• Sue Conradie

    Sue Conradie
    • Artist Statement
      • The philosophy of Humanism - the belief in the agency and power of human beings, rather than superstition, supernatural beliefs or religious dogma - is the foundation of my life and work. I am constantly searching for way to unravel the physical and emotional aspects of our humanity. In understanding ourselves as biological/emotional organisms who are part of nature, we might possibly be able to save ourselves as a species.

        I prefer the process and non-representational aspect of Abstract Expressionism. Either on its own, in large abstract works where colour becomes the subject or in combination with the figures and symbols that make up my portraits. The juxtaposition of the abstract and the figurative seems to result in a painting that is more surrealist than portrait and can sometimes end up as pop art.
    • Biography
      • UNISA – Creative Writing 2008.
        UCT course - What is Mind? (neuropsychology) 2016
        UCT Course – Medical Humanities (art in medicine) 2016
        University of Warwick - The mind is flat (psychology) currently studying

        My primary creative focus is painting. I also write as a way of expression and of getting to the nub of the ideas I wish to investigate in the paintings. Some of my poems have been published in the Rhodes University Journal (2008) as well as in Patricia Shonstein’s anthology: Africa! Poems of Love, Loss and Longing. I teach art once a week – It’s so rewarding being around the students and I love it when at first they think they have no creative talent at all and then they go ahead and produce a great piece of work  - I can almost physically see their self-esteem improve. I live in Cape Town with my husband and son.

        My work is part of collections in, Cape Town, London, Belgium, France and Austria

        Selected Exhibitions:

        EAST STREEET AUCTION  at East Street Studios
        ‘TINY ART’ – S.P.C. GALLERY,  CAPE TOWN (first prize in the portrait section & third prize overall).


        Group Show – THE STUDIO KALK BAY 


    • Interview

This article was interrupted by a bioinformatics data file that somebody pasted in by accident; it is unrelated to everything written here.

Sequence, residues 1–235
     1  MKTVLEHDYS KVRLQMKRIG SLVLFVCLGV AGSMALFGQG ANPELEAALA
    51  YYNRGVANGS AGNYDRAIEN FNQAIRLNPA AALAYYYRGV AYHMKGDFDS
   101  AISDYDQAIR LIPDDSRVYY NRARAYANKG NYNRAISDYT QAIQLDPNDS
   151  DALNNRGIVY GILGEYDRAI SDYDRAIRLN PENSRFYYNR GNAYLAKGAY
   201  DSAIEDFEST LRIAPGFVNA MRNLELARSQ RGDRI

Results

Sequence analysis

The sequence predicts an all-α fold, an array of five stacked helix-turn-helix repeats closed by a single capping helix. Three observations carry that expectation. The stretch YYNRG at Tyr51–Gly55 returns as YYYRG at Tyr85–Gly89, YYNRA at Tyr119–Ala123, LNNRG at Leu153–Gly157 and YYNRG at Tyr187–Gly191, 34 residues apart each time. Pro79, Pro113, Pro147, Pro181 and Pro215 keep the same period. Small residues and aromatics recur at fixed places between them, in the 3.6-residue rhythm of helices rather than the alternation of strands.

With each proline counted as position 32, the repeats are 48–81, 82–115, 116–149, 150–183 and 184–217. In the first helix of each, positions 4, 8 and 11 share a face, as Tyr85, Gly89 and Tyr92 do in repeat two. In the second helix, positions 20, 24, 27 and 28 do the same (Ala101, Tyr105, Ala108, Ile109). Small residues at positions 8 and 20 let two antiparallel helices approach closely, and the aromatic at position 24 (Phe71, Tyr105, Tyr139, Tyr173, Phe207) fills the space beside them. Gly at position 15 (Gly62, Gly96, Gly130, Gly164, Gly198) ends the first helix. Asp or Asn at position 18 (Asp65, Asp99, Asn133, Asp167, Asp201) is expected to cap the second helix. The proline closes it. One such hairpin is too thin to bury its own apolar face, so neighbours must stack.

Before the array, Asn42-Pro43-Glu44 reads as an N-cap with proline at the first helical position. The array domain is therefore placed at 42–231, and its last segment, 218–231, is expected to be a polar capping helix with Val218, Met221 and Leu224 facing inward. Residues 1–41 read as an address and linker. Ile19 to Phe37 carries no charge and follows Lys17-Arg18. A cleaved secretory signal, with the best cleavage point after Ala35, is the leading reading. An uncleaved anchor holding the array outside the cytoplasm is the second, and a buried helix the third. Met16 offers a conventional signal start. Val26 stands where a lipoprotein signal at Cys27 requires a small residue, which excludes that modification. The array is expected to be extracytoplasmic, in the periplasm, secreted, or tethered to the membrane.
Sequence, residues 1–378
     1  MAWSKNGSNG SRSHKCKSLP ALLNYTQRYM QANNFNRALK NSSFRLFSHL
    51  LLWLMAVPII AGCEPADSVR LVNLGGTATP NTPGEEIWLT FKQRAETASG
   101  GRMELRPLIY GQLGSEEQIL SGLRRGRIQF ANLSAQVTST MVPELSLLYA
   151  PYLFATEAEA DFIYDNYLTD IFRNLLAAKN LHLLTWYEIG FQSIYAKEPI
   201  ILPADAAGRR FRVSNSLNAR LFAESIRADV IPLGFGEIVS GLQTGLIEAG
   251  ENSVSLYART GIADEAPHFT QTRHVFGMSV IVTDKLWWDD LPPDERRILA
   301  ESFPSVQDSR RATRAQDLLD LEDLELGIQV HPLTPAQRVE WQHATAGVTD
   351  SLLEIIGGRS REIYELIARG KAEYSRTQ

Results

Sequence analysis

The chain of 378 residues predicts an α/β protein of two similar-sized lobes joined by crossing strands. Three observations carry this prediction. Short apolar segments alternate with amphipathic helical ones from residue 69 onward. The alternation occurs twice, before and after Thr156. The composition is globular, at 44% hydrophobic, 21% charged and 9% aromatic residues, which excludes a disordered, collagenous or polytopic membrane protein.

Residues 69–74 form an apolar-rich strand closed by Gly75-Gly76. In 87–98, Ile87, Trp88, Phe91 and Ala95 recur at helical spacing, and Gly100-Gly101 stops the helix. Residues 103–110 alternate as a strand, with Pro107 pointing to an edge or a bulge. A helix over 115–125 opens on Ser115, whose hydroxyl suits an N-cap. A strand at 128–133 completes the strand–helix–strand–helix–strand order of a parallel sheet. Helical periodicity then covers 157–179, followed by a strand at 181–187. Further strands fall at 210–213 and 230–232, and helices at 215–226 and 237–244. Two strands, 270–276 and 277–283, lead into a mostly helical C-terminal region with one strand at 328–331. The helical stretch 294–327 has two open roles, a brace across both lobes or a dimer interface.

• Which new trends or South African artists do you find inspiring at the moment?
        I really like the photography of Tony Gum. It seems to me that the African, South African and Cape Town art scenes are enjoying world-wide interest right now. There is so enormous talent and originality on our continent, a deep well of culture and a so-called new way of looking at life that is finally being acknowledged. I find it very exciting.

        Which South African deceased artist do you most admire and why?
        Stanley Pinker is one of my favourite artists. I admire the way he was able to explore satire, metaphor and social commentary during an horrendous time in our history and yet still create beautiful artworks. Marlene Dumas, another of my favourites, was his student. Her ability to convey meaning with a few simple strokes of her brush is awe-inspiring. 
        Which exhibition that you have visited made the greatest impact on you and why?

        It was not an exhibition that made the greatest impact on me but the light in Venice. It literally took my breath away. I wanted to keep that light, take it with me. I think about it often.
        Where do you get your inspiration for your work?

        I’m inspired by ideas. My strongest influence comes from a life-long interest in people, supported by the philosophy of Humanism - a philosophy based on scientific evidence, without any interference from religious dogma, spirituality or superstition. I often do online courses around these topics, as well as studying art history. I sometimes use a title, a line or a concept from one of my poems to begin a painting. I’m inspired by many artists out there (past and present).